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Fayetteville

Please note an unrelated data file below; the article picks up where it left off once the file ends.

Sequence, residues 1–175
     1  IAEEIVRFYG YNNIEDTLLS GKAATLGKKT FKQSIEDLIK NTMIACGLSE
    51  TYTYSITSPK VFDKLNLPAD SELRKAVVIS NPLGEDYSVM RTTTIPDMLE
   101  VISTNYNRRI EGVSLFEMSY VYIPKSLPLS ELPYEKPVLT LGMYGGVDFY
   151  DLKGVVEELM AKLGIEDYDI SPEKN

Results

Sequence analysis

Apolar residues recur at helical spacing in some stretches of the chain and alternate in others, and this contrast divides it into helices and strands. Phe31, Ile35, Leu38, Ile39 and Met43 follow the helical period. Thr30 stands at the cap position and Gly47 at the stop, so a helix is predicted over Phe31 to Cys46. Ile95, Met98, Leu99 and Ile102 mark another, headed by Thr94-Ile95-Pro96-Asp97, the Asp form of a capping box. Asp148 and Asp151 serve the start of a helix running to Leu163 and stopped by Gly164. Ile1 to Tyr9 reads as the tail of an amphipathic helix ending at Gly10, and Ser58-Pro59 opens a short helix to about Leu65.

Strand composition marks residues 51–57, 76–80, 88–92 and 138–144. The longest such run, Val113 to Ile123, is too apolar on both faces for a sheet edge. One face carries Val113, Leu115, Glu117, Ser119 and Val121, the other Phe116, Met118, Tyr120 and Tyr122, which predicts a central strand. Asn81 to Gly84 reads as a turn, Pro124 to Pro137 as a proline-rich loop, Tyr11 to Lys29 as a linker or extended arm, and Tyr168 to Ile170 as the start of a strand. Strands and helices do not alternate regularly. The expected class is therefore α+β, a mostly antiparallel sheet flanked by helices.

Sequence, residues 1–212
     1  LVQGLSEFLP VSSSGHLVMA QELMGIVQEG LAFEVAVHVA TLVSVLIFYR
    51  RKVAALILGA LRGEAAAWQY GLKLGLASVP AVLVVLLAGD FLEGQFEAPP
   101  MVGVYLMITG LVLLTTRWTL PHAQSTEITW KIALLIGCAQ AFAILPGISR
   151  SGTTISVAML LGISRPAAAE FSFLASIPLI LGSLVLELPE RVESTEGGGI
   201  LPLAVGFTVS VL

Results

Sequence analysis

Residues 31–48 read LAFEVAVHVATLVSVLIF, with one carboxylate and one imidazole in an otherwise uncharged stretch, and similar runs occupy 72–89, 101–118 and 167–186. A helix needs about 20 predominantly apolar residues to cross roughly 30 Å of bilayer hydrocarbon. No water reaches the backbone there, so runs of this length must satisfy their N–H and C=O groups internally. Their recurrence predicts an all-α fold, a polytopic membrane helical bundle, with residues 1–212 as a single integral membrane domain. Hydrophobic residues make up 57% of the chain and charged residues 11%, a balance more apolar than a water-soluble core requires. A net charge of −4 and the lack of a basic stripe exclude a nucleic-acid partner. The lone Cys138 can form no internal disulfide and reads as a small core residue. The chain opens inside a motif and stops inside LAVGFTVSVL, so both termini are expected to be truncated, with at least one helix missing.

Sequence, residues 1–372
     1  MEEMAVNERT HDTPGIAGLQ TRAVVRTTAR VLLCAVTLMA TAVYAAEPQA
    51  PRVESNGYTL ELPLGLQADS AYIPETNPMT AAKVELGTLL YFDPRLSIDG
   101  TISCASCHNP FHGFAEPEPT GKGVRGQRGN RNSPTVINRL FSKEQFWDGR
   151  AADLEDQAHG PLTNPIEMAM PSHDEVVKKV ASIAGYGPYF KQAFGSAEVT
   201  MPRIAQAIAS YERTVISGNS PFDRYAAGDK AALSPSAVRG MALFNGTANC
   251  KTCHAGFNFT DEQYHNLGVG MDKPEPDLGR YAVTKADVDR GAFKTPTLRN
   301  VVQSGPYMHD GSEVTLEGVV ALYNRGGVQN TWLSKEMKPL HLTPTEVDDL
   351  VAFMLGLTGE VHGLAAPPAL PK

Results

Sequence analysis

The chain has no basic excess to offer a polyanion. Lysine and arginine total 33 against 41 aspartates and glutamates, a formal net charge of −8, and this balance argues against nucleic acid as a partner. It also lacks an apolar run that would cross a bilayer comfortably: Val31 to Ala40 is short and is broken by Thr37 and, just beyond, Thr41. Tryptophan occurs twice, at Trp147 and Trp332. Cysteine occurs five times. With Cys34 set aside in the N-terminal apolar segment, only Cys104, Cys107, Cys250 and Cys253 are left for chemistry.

HistoryEdit See also: Timeline of Fayetteville, North Carolina Early settlementEdit The area of present-day Fayetteville was historically inhabited by various Siouan Native American peoples, such as the Eno, Shakori, Waccamaw, Keyauwee, and Cape Fear people. They followed successive cultures of other indigenous peoples in the area for more than 12,000 years. After the violent upheavals of the Yamasee War and Tuscarora Wars during the second decade of the 18th century, the North Carolina colony encouraged English settlement along the upper Cape Fear River, the only navigable waterway entirely within the colony. Two inland settlements, Cross Creek and Campbellton, were established by Scots fromCampbeltown, Argyll and Bute, Scotland. Merchants in Wilmington wanted a town on the Cape Fear River to secure trade with the frontier country. They were afraid people would use the Pee Dee River and transport their goods to Charleston, South Carolina. The merchants bought land from Newberry in Cross Creek. Campbellton became a place where poor whites and free blacks lived, and gained a reputation for lawlessness.[citation needed] In 1783, Cross Creek and Campbellton united, and the new town was incorporated as Fayetteville in honor of the Marquis de Lafayette, a French military hero who significantly aided the American forces during the war.[8] Fayetteville was the first city to be named in his honor in the United States.[8] Lafayette visited the city on March 4 and 5, 1825, during his grand tour of the United States.[8] American RevolutionEdit Center tile of floor of the Market House which served as a town market until 1906 Liberty Point in Fayetteville where the "Liberty Point Resolves" were signed in June 1775 The Cool Spring Tavern, built in 1788, is the oldest structure in Fayetteville. Most earlier structures were destroyed by the "great fire" of 1831. The local region was heavily settled by Scots in the mid/late 1700s, and most of these were Gaelic-speaking Highlanders. The vast majority of Highland Scots, recent immigrants, remained loyal to the British government and rallied to the call to arms from the Royal Governor. Despite this, they were eventually defeated by a larger Revolutionary force at the Battle of Moore's Creek Bridge. The area also included a number of active Revolutionaries. In late June 1775, residents drew up the "Liberty Point Resolves," which preceded theDeclaration of Independence by a little more than a year. It said, "This obligation to continue in full force until a reconciliation shall take place between Great Britain and America, upon constitutional principles, an event we most ardently desire; and we will hold all those persons inimical to the liberty of the colonies, who shall refuse to subscribe to this Association; and we will in all things follow the advice of our General Committee respecting the purposes aforesaid, the preservation of peace and good order, and the safety of individual and private property." Robert Rowan, who apparently organized the group, signed first. Robert Rowan (circa 1738–1798) was one of the area's leading public figures of the 18th century. A merchant and entrepreneur, he settled in Cross Creek in the 1760s. He served as an officer in the French and Indian War, as sheriff, justice and legislator, and as a leader of the Patriot cause in the Revolutionary War. Rowan Street and Rowan Park in Fayetteville and a local chapter of the Daughters of the American Revolution are named for him, thoughRowan County (founded in 1753) was named for his uncle, Matthew Rowan. Flora MacDonald (1722–1790), a Scots Highland woman known for aiding Bonnie Prince Charlie after his Highlander army's defeat at Culloden in 1746, lived in North Carolina for about five years. She was a staunch Loyalist and aided her husband to raise the local Scots to fight for the King against the Revolution. Seventy-First Township in western Cumberland County (now a part of Fayetteville) is named for a British regiment during the American Revolution – the 71st Regiment of Footor "Fraser's Highlanders", as they were first called. Post-revolutionEdit Historic sign in Fayetteville Fayetteville had what is sometimes called its "golden decade" during the 1780s. It was the site in 1789 for the state convention that ratified the U.S. Constitution, and for the General Assembly session that chartered the University of North Carolina at Chapel Hill. Fayetteville lost out to the future city of Raleigh in the bid to become the permanent state capital. In 1793, the Fayetteville Independent Light Infantry formed and is still active as a ceremonial unit. It is the second-oldest militia unit in the country. Henry Evans (circa 1760–1810), a free black preacher, is locally known as the "Father of Methodism" in the area. Evans was a shoemaker by trade and a licensed Methodistpreacher. He met opposition from whites when he began preaching to slaves in Fayetteville, but he later attracted whites to his services. He is credited with building the first church in town, called the African Meeting House, in 1796. Evans Metropolitan AME Zion Church is named in his honor. AntebellumEdit Fayetteville had 3,500 residents in 1820, but Cumberland County's population still ranked as the second-most urban in the state behind New Hanover County (Wilmington). Its "Great Fire" of 1831 was believed to be one of the worst in the nation's history, although no lives were lost. Hundreds of homes and businesses and most of the best-known public buildings were lost, including the old "State House". Fayetteville leaders moved quickly to help the victims and rebuild the town. The Market House, completed in 1832, became the center of commerce and celebration. The structure was built on the ruins of the old State House. It was a town market until 1906. It served as Fayetteville Town Hall until 1907. The City Council is considering adapting the Market House into a local history museum. The Civil War era and late nineteenth centuryEdit The Confederate arsenal in Fayetteville was destroyed in March 1865 by Union Gen. William T. Sherman during the Civil War. In March 1865, Gen. William T. Sherman and his 60,000-man army attacked Fayetteville and destroyed the Confederate arsenal (designed by the Scottish architect William Bell[9]). Sherman's troops also destroyed foundries and cotton factories, and the offices of The Fayetteville Observer. Not far from Fayetteville, Confederate and Union troops engaged in the last cavalry battle of the Civil War, the Battle of Monroe's Crossroads. Downtown Fayetteville was the site of a skirmish, as Confederate Lt. Gen. Wade Hamptonand his men surprised a cavalry patrol, killing 11 Union soldiers and capturing a dozen on March 11, 1865. In the late nineteenth century, Fayetteville whites adopted Jim Crow and state laws to impose racial segregation. Despite their constitutional rights, blacks were disenfranchisedunder a new state constitution, a condition that persisted for more than sixty years, until federal civil rights legislation of the mid-1960s. 20th century to the presentEdit Children working in the Tolar, Hart and Holt Mills in Fayetteville, 1914. Photo by Lewis Hine. Cumberland County's population exploded in the post-World War II years, with its 43% increase in the 1960s the largest in any of North Carolina's 100 counties. Construction was fast-paced as shopping developments and suburban subdivisions began to spread outside the Fayetteville city limits toward Fort Bragg and Pope Air Force Base. The Fayetteville and Cumberland County school systems moved toward integration gradually, beginning in the early 1960s; busing brought about wider-scale student integration in the 1970s. Segregation of public facilities continued. Civil rights marches and sit-ins, with students from Fayetteville State Teachers College (now Fayetteville State University) at the forefront, led to the end of whites-only service at restaurants and segregated seating in theaters. Politics changed. Blacks and women gained office in significant numbers, from the late 1960s and on into the early '80s. The Vietnam Era was a time of change in the Fayetteville area. Fort Bragg did not send many large units to Vietnam, but from 1966 to 1970, more than 200,000 soldiers trained at the post before leaving for the war. This buildup stimulated area businesses. Anti-war protests in Fayetteville drew national attention because of Fort Bragg, in a city that generally supported the war. Anti-war groups invited the actress and activist Jane Fondato Fayetteville to participate in three anti-war events. At this time, Fayetteville also made headlines after Army doctor Jeffrey R. MacDonald murdered his pregnant wife and two daughters in their Ft. Bragg home in 1970; the book and movie Fatal Vision were based on these events. To combat the dispersal of suburbanization, Fayetteville has worked to redevelop its downtown through various revitalization projects; it has attracted large commercial and defense companies such as Purolator, General Dynamics and Wal-Mart Stores and Distribution Center. Development of the Airborne & Special Operations Museum, Fayetteville Area Transportation Museum, Fayetteville Linear Park, and Fayetteville Festival Park, which opened in late 2006, have added regional attractions to the center. In the first decade of the 21st century, the towns and rural areas surrounding Fayetteville had rapid growth. Suburbs such as Hope Mills, Raeford and Spring Lake had increases in population. In 2005, Congress passed the Base Realignment and Closure (BRAC) Act, resulting in several new commands relocating to Fort Bragg. These include the U.S. Army Forces Command (FORSCOM) and U.S. Army Reserve Command, both of which relocated fromFort McPherson in Atlanta. More than 30,000 people were expected to relocate to the area with associated businesses and families. FORSCOM awards over $300 billion in contracts annually.[10] In the November/December 2009 issue of Where to Retire, the magazine named Fayetteville as one of the best places to retire in the United States for military retirements.[11] Fort Bragg / Pope Army AirfieldEdit Entrance sign to Fort Bragg FORSCOM & USARC headquarters Fort Bragg and Pope Army Airfield Field are in the northern part of the city of Fayetteville. Several U.S. Army airborne units are stationed at Fort Bragg, most prominently the XVIII Airborne Corps HQ, the 82nd Airborne Division, and the United States Army Special Operations Command. Fort Bragg was the home of the Field Artillery at the onset of World War II. All the Army'sartillery units east of the Mississippi River were based at the post, about 5,000 men in all. Soldiers tested the Army's new bantam car, which was soon to be known as the Jeep, although most of the power to move artillery still came from horses and burros. On September 12, 1940, the Army contracted to expand the post, bringing the 9th Infantry Division to Fort Bragg. Mission of Pope Field is to provid airlift to American armed forces, to humanitarian missions flown all over the world. Pope Field particularly provides air transportation for the 82nd Airborne, among other airborne units on Fort Bragg. All of Pope's fighter jet squadrons have been relocated to Moody AFB, Georgia. The main entity at Pope are now the Air Force Reserves, although they still have a small amount of active personnel. In September 2008, Fayetteville annexed 85% of Ft. Bragg, bringing the official population of the city to 206,000. Ft. Bragg still has its own police, fire, and EMS services. Fayetteville hopes to attract large retail businesses to the area using the new population figures.[12] Sanctuary community for military familiesEdit Fayetteville becomes the first "Sanctuary for Soldiers". 82D Airborne Division 4-mile Run On September 5, 2008, Cumberland County announced it was the "World's First Sanctuary for Soldiers and Their Families"; it marked major roads with blue and white "Sanctuary" signage. Within the county, soldiers were to be provided with local services, ranging from free childcare to job placement for soldiers' spouses.[13] Five hundred volunteers have signed up to watch over military families. They were recruited to offer one-to-one services; member businesses will also offer discounts and preferential treatments. Time magazine recognized Fayetteville for its support of military families and identified it as "America's Most Pro-Military Town".[14] National Register of Historic PlacesEdit Main article: National Register of Historic Places listings in Cumberland County, North Carolina